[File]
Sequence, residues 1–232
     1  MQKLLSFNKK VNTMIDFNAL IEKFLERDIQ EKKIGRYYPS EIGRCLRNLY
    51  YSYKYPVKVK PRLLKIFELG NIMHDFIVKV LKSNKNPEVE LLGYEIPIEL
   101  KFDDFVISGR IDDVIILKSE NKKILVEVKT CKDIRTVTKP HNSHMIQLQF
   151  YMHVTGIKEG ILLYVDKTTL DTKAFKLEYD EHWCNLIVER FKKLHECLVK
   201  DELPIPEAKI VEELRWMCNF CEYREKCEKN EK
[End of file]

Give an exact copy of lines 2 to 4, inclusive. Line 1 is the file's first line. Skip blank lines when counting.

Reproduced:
     1  MQKLLSFNKK VNTMIDFNAL IEKFLERDIQ EKKIGRYYPS EIGRCLRNLY
    51  YSYKYPVKVK PRLLKIFELG NIMHDFIVKV LKSNKNPEVE LLGYEIPIEL
   101  KFDDFVISGR IDDVIILKSE NKKILVEVKT CKDIRTVTKP HNSHMIQLQF